Behind The Scenes of Brand Development ft. @ofleatherandlace

Miranda Priestly: 'This stuff'? Oh. Okay. I see. You think this has nothing to do with you. You go to your closet and you select... I don't know... that lumpy blue sweater, for instance because you're trying to tell the world that you take yourself too seriously to care about what you put on your back. But what you don't know is that that sweater is not just blue, it's not turquoise. It's not lapis. It's actually cerulean. And you're also blithely unaware of the fact that in 2002, Oscar de la Renta did a collection of cerulean gowns. And then I think it was Yves Saint Laurent... wasn't it who showed cerulean military jackets? I think we need a jacket here. And then cerulean quickly showed up in the collections of eight different designers. And then it, uh, filtered down through the department stores and then trickled on down into some tragic Casual Corner where you, no doubt, fished it out of some clearance bin. However, that blue represents millions of dollars and countless jobs and it's sort of comical how you think that you've made a choice that exempts you from the fashion industry when, in fact, you're wearing the sweater that was selected for you by the people in this room from a pile of stuff.

x x 

Yesterday a voice note from an inspiring as heck girlfriend reminded me of this moment in, yes The Devil Wears Prada. I had watched it just on Sunday, the twinkle of the fairylights from the Christmas tree reflecting in the screen when I realised something. This scene doesn't just apply to the Fashion Industry. Obviously I already knew that, but it really HIT me. When people come to me to help them build a brand from scratch, nourish their brand or even just to do what I like to call a 'health check' to see what strengths and weakness' they were already hitting on their own, I confuse people more than I would ever be proud to admit.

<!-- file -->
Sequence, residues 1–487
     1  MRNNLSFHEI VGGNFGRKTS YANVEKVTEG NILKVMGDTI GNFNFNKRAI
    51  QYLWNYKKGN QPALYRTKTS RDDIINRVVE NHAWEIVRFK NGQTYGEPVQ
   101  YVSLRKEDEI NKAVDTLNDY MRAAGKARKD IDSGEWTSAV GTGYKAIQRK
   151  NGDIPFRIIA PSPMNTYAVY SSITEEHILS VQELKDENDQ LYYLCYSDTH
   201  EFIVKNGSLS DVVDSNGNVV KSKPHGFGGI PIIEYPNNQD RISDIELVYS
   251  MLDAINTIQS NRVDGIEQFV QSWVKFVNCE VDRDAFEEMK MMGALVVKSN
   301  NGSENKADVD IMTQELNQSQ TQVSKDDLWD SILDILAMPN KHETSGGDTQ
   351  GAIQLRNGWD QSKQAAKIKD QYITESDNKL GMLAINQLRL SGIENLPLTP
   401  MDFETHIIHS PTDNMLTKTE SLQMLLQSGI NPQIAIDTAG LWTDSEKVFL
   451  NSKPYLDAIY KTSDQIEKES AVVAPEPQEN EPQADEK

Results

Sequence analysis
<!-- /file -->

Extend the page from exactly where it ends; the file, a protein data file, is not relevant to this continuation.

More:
As someone who spends almost every waking moment seeing in color references from my Pantone color wheel (thank you Dad), thinking in CSS and judging the visual weight in every situation put before my eyes - I instantly start coming out with a list of questions. 

#1 What do you want your brand name to really encompass and mirror in people. 
#2 What are the brand pillars you want the weight of your work to be held up by? 
#3 What is the color story you visually want to tell? 
#4 What style of visual design do you want?
#5 To what % do you want to lean into what is trending in social media marketing? 
#6 Have you worked on your brand mission statement? 
#7 How would condense your brand promise down into a statement for advertising? 

& yes these are all just the first few questions that come to mind when someone asks me to discuss a brand with them. 

Most of the time I'm met with very, very skeptical responses and yes that is putting it nicely. Most people question how any of it is relevant to a brand?, how it's possible to put the projected hours into a brand?, am I just having them on? If I didn't love what I do so much it would probably make me question a lot of things. But the reality of this is that when you sit in bed at night, way past the time you should have gone to sleep and - you guessed it - scrolling through your phone, mindlessly liking imagines - those pictures did not take the split second of effort it too for you to like it, to create it.